Small Business Owners Know the Value of Global Trade
New report highlights small business owners across the Trans-Pacific Partnership region who benefit from trade
Small business owners are the faces of global trade. Every day, millions of packages cross a border to reach overseas customers, and the vast majority of sellers are small businesses. Whether they’re using Etsy, going to trade shows, or marketing their brand on social media, small businesses are reaching global customers faster than ever.
Trading globally is a complicated process, however — one marred by high costs, confusing rules, and redundant paperwork. These barriers shut too many small businesses out of the global market.
The Trans-Pacific Partnership is specifically crafted to tackle these barriers for small businesses — and once enacted, TPP will go a long way toward streamlining the way they go global.
To highlight the trading power of small businesses across the TPP region, and some of the continued barriers to trade they face, UPS partnered with the Global Innovation Forum to launch “The New Faces of Transpacific Trade”. Through 23 small business profiles, the report offers a fresh look at the real people driving global trade.
The report includes stories like Rebecca Germain’s. Rebecca began her business (Midwest Scrapbook) on eBay, reselling crafting supplies after she left her corporate job to stay home with her newborn daughter.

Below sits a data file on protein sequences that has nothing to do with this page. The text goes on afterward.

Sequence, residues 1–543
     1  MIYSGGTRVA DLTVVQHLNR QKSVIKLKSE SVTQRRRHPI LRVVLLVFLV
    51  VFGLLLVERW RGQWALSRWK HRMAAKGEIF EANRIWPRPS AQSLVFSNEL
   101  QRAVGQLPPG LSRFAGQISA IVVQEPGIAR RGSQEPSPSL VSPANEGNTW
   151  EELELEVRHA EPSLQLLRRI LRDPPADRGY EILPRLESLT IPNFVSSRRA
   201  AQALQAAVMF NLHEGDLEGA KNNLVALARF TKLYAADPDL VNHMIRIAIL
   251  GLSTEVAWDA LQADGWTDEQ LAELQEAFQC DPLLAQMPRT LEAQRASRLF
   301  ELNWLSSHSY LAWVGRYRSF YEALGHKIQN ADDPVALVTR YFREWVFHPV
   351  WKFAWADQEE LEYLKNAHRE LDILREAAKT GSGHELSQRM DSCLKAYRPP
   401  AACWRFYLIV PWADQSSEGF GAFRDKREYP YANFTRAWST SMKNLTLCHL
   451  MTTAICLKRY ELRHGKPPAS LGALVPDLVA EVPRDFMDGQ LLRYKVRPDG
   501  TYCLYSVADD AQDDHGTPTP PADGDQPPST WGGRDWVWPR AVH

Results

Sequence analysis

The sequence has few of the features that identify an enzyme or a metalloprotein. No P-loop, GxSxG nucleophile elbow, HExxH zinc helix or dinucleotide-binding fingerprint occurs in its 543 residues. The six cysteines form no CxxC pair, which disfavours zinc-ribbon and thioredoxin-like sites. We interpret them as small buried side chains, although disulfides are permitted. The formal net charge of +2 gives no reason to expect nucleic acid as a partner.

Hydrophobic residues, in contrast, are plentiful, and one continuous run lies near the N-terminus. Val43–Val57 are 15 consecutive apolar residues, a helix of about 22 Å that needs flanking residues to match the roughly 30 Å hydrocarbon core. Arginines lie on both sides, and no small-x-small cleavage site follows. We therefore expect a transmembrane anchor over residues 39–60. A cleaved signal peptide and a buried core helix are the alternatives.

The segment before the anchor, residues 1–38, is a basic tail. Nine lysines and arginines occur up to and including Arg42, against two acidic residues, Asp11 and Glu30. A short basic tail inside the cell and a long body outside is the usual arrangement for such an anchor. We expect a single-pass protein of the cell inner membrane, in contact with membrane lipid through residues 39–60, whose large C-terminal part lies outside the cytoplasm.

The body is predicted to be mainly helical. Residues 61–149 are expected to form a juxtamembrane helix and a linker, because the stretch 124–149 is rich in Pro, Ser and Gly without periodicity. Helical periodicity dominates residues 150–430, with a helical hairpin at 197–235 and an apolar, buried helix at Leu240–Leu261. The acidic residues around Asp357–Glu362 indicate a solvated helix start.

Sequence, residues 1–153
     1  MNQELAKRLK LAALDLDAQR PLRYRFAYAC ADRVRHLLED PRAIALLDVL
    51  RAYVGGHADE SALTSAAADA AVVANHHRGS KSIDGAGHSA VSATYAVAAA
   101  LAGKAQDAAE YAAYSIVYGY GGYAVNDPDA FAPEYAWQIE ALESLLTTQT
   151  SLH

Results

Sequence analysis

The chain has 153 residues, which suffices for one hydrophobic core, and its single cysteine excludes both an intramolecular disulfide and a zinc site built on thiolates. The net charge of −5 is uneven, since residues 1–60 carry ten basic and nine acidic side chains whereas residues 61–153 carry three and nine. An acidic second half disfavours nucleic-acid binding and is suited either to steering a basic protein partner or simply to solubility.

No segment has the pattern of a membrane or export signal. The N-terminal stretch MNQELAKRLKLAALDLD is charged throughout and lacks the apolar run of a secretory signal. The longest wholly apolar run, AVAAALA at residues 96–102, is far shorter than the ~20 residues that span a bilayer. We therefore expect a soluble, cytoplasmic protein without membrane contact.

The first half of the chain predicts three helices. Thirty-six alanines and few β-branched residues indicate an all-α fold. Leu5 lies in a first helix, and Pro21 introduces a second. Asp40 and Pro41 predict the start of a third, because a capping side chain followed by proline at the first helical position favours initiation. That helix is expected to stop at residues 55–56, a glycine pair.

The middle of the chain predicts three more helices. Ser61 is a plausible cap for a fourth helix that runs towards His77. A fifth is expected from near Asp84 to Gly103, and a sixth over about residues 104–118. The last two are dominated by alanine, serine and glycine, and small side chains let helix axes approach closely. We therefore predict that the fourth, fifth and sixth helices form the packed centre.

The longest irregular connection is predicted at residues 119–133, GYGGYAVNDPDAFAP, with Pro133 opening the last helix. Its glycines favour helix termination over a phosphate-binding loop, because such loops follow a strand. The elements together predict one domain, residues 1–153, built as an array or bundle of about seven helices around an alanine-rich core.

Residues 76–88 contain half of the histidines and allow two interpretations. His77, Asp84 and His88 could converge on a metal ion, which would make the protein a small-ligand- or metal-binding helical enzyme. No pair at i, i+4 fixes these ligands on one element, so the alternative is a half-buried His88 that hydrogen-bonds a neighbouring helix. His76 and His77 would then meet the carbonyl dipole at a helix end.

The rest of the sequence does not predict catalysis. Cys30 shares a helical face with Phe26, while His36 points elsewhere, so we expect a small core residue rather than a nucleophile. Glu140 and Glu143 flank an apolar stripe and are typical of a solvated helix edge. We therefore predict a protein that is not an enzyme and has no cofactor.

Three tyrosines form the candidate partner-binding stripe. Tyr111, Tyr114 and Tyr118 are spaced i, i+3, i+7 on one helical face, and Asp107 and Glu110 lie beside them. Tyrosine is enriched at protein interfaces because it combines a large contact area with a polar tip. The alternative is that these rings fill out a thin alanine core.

Now, Rebecca sells to 73 countries. But she knows all too well the headaches of global trade, and she’s optimistic that TPP will help improve the hassle of return shipments, and will lower the tariffs she has to pay on many of her products.
Then there’s Sabrina Tan — who started her skincare product business in Singapore with the global market in mind.
Skin Inc does warehousing in Japan and has an “Innovation Team” in Ohio — leveraging the strengths of countries around the world.
As Sabrina’s business grew, the slow and redundant processes involved in entering new markets surprised her. She hopes in the future trade rules will allow companies to streamline this process and enter new markets more quickly.
And then there’s John Rowe, a Canadian entrepreneur who spent years testing and perfecting a honey product that would stay solid, rather than liquid.
The product was a fast success with international consumers. Now, with his patented technique, Island Abbey Foods exports to 40 countries. For John, TPP means the possibility of lowering tariffs as high as 90% in Asian countries that have some of the largest and fastest-growing honey markets.
Not every business will want to export, but those who do should not be scared off from doing so by outdated trade rules. The Trans-Pacific Partnership will go a long way toward setting 21st century rules to meet the needs of the 21st century economy.
To view the full report, including a foreward by UPS International President Jim Barber, click here.